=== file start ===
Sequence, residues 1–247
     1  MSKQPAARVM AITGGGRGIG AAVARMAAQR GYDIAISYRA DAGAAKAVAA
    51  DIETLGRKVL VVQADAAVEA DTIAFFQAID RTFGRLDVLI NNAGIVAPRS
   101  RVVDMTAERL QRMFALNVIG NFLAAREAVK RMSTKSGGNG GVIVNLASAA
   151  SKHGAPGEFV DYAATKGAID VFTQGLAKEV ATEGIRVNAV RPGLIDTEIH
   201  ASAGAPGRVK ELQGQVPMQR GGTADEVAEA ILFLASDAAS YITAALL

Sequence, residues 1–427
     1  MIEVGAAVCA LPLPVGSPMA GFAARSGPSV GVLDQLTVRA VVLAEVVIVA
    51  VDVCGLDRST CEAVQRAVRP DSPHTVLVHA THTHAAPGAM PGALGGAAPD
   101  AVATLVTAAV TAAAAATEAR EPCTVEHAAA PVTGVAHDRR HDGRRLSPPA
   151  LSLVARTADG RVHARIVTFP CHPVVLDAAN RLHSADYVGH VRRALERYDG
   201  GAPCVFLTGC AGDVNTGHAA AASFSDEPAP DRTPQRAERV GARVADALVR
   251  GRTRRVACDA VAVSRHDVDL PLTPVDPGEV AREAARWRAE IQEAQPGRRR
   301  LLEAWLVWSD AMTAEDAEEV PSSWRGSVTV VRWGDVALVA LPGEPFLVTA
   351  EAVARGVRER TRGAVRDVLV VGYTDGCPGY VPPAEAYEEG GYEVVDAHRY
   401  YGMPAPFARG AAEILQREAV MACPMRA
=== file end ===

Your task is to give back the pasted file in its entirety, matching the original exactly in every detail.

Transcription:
Sequence, residues 1–247
     1  MSKQPAARVM AITGGGRGIG AAVARMAAQR GYDIAISYRA DAGAAKAVAA
    51  DIETLGRKVL VVQADAAVEA DTIAFFQAID RTFGRLDVLI NNAGIVAPRS
   101  RVVDMTAERL QRMFALNVIG NFLAAREAVK RMSTKSGGNG GVIVNLASAA
   151  SKHGAPGEFV DYAATKGAID VFTQGLAKEV ATEGIRVNAV RPGLIDTEIH
   201  ASAGAPGRVK ELQGQVPMQR GGTADEVAEA ILFLASDAAS YITAALL

Sequence, residues 1–427
     1  MIEVGAAVCA LPLPVGSPMA GFAARSGPSV GVLDQLTVRA VVLAEVVIVA
    51  VDVCGLDRST CEAVQRAVRP DSPHTVLVHA THTHAAPGAM PGALGGAAPD
   101  AVATLVTAAV TAAAAATEAR EPCTVEHAAA PVTGVAHDRR HDGRRLSPPA
   151  LSLVARTADG RVHARIVTFP CHPVVLDAAN RLHSADYVGH VRRALERYDG
   201  GAPCVFLTGC AGDVNTGHAA AASFSDEPAP DRTPQRAERV GARVADALVR
   251  GRTRRVACDA VAVSRHDVDL PLTPVDPGEV AREAARWRAE IQEAQPGRRR
   301  LLEAWLVWSD AMTAEDAEEV PSSWRGSVTV VRWGDVALVA LPGEPFLVTA
   351  EAVARGVRER TRGAVRDVLV VGYTDGCPGY VPPAEAYEEG GYEVVDAHRY
   401  YGMPAPFARG AAEILQREAV MACPMRA